My friend, mentor and partner Mr Nghi Nguyen, founder of BrandsVietnam.com. We started our businesses at a similar time. He doesn’t see us as a competitor but rather, he believes that we share the same passion and we are working to provide better knowledge for the ad community.
Mr Nghi also guided me a lot when I first opened the business. I am inspired by his vision to make our marketing industry better.

What have you just learnt recently that blew you away?
Our business is a startup company and as a founder I do everything from operations, business development, planning and strategy. However, this is not the good way grow our business. You have to share the workload – find a co-founder or hire a great employee to help share the workload. “If you want to go fast, go alone. If you want to go far, go together.”

If you had your time again, what would you do differently?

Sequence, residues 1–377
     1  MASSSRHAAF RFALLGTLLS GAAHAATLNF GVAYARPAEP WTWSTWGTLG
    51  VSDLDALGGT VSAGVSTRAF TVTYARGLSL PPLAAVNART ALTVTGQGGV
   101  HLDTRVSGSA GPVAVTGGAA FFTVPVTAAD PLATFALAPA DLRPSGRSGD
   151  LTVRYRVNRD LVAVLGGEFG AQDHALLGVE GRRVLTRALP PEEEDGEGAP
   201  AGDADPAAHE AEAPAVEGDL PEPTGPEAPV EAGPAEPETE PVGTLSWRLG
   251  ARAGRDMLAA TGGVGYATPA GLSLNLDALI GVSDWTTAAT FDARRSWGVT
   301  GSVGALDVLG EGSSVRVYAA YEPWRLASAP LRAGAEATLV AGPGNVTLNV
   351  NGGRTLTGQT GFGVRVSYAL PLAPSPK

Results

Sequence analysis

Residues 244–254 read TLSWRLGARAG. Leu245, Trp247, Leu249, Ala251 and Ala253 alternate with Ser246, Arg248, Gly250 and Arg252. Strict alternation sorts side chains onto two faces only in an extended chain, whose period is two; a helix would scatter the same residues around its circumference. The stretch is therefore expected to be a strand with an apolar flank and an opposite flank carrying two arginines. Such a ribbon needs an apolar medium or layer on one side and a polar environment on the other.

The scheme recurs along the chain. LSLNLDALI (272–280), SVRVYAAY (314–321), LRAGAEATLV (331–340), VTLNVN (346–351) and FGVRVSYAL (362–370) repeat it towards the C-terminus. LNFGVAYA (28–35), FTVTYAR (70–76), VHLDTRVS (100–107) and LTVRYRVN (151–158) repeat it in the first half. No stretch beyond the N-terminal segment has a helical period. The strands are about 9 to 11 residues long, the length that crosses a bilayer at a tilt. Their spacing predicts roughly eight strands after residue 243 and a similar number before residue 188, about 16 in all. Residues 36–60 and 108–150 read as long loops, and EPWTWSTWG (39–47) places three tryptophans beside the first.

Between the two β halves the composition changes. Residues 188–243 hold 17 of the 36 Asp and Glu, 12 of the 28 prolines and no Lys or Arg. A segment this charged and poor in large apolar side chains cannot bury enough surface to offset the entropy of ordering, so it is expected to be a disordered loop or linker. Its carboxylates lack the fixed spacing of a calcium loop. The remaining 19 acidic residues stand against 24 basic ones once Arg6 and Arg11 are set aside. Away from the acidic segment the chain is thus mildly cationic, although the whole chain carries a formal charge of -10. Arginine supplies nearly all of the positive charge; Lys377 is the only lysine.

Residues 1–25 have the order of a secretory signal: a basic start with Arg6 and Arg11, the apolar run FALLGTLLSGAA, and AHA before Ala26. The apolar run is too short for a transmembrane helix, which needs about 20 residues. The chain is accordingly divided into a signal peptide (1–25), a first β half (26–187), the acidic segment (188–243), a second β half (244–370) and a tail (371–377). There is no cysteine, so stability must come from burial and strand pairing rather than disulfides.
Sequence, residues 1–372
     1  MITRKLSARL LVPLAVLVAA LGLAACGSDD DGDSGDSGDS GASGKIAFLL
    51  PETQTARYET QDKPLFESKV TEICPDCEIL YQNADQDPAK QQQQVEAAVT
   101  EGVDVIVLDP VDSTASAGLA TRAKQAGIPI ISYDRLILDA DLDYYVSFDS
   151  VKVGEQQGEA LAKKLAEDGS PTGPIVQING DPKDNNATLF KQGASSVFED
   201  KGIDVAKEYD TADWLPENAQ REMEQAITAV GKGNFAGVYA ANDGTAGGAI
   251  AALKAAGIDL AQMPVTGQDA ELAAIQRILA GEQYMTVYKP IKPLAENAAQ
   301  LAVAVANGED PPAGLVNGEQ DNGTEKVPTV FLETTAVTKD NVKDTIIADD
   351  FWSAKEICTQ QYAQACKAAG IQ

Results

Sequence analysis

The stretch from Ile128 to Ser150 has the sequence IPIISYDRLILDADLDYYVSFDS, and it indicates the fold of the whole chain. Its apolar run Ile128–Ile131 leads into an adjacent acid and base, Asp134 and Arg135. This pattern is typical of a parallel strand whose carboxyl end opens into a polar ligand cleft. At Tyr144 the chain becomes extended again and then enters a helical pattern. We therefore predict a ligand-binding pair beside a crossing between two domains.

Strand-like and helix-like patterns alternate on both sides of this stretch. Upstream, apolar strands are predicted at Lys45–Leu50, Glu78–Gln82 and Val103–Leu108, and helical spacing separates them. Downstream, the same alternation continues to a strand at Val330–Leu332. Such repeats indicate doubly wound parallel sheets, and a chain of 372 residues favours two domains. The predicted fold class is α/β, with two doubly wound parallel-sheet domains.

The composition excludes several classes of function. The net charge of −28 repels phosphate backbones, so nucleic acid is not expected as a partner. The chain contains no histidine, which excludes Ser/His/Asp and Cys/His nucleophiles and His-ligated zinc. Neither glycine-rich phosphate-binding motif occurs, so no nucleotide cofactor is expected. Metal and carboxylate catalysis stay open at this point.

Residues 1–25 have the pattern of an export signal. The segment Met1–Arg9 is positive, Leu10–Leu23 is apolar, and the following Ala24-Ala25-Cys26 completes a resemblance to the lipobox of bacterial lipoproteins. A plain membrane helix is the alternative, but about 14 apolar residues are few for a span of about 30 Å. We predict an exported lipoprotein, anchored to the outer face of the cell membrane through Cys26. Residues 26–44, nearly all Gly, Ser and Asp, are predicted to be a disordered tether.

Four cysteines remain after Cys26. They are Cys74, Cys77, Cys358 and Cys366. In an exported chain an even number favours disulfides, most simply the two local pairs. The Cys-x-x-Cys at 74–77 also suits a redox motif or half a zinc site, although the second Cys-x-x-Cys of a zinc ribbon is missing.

Quit my full time job sooner.
During the first year of running my business, I was still working as an ad manager for an agency. However I lacked focus at work due to the overload of work and it affected the company I used to work for. I strongly recommend people who have an idea to start their own business, quit their job early on and focus 100% on it from the get go!

How do you unwind?
Play with my cat.

Favourite Asian destination for relaxation? Why?
I love to travel throughout all of Asia. I enjoy new places and meeting new people.

Everyone in business should read this book:
The Carpenter: A story about the greatest success strategies of all.

Shameless plug for your business: